Basics of MIG Wire Selection – A Comprehensive Guide for Welders

The welding wire used in MIG welding plays an important role in deciding the quality and performance of your weld. No matter how strong or durable the metal alloy you weld on, the wire that you select determines the overall welding experience. The increased cost of raw materials, higher energy rates, transportation costs, and shipping competition. The welding process and type of metal used in the welding process determine the wire that is compatible with your welding process. Below is a guide to MIG wire selection.

Basics to the Ideal MIG wire selection

  • Analyzing your metal: The three most common metals used for MIG welding are carbon steel, stainless steel, and aluminum.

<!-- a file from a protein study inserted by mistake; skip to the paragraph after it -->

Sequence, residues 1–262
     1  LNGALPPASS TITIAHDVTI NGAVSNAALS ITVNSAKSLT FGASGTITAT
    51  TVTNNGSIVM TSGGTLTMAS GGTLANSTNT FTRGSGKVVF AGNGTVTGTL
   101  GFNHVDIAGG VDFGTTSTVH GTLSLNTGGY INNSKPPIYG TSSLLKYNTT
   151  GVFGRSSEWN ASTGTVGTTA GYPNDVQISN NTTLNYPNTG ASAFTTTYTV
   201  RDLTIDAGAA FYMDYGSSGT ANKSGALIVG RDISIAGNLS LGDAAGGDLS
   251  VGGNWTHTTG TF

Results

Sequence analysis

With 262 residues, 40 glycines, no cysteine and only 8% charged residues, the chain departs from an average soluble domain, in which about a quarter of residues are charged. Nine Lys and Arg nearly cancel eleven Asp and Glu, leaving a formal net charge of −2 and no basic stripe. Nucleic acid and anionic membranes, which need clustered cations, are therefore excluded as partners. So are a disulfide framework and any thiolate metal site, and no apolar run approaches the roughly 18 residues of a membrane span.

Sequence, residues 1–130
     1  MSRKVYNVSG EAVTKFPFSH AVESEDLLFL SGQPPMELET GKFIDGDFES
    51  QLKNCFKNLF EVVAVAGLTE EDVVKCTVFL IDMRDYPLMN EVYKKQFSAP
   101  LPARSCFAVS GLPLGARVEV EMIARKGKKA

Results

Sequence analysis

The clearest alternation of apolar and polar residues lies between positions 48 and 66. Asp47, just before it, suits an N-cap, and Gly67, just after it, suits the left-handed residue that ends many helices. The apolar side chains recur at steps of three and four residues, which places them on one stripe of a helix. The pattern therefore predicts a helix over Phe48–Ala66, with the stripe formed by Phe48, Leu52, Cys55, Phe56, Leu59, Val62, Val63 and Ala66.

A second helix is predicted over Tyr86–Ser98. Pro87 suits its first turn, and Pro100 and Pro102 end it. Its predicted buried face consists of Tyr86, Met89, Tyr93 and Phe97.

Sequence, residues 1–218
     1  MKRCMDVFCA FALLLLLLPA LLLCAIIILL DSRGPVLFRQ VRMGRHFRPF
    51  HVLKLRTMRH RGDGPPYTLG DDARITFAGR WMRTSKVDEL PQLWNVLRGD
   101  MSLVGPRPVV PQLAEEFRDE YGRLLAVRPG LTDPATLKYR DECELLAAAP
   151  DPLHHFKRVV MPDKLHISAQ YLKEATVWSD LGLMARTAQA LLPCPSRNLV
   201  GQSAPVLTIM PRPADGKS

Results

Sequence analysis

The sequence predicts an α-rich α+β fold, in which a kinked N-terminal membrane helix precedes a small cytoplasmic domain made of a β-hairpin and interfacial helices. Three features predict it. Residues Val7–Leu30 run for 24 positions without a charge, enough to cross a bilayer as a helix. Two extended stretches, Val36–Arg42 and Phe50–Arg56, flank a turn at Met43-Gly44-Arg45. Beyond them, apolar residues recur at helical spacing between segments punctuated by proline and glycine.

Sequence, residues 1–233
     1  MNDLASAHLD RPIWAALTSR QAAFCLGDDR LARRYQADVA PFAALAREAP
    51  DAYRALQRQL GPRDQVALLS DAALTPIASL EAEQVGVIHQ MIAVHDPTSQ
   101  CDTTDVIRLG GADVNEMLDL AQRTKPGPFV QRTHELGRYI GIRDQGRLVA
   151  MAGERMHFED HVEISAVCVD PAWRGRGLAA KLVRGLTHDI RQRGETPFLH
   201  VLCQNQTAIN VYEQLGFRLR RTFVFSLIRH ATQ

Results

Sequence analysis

• Match your wire: Generally when you weld with ideal wire conditions, the type of welding wire used will be the same as the metal type. For example, stainless steel works well with stainless steel wires, carbon steel metal sheets with carbon steel wires, and so on.
  • Don’t avoid Mixed-metals: MIG wires commonly have a mixture of metals along with the type of metal they weld on. Manganese, silicon, and titanium are added to wires to make the welds stronger and more durable with minimal porosity and oxidation.
  • Thickness Matters: Based on the thickness of your base metal, you will determine the thickness of the welding wires used. The wire packaging will include a chart to analyze the wire thickness for the metal you use.
MIG Wire

When we look at the total welding costs, the cost of the wire used is as low as 4% of the total cost and this is because the overall cost is expensive enough just for labor and overhead costs. Producing a sound weld is majorly dependent on the MIG wire that you select and the most commonly used wire thicknesses range from 0.023 – 0.045 especially for heavy-industry purposes.